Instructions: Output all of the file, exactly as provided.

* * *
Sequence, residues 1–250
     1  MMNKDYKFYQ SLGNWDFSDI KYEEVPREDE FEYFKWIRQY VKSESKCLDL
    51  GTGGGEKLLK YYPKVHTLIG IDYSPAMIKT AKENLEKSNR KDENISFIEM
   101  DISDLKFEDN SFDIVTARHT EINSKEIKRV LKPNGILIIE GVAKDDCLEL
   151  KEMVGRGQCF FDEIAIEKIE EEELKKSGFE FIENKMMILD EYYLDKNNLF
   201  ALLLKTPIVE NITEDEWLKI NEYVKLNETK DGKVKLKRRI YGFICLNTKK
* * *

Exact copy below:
Sequence, residues 1–250
     1  MMNKDYKFYQ SLGNWDFSDI KYEEVPREDE FEYFKWIRQY VKSESKCLDL
    51  GTGGGEKLLK YYPKVHTLIG IDYSPAMIKT AKENLEKSNR KDENISFIEM
   101  DISDLKFEDN SFDIVTARHT EINSKEIKRV LKPNGILIIE GVAKDDCLEL
   151  KEMVGRGQCF FDEIAIEKIE EEELKKSGFE FIENKMMILD EYYLDKNNLF
   201  ALLLKTPIVE NITEDEWLKI NEYVKLNETK DGKVKLKRRI YGFICLNTKK